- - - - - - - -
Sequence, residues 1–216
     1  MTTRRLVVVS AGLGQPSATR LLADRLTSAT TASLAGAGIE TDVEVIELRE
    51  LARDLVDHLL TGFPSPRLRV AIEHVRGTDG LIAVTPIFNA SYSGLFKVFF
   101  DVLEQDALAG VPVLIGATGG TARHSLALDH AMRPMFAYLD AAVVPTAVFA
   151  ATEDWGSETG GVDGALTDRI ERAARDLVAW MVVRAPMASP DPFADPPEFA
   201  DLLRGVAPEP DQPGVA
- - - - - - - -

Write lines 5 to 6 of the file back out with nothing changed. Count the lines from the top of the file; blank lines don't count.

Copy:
   151  ATEDWGSETG GVDGALTDRI ERAARDLVAW MVVRAPMASP DPFADPPEFA
   201  DLLRGVAPEP DQPGVA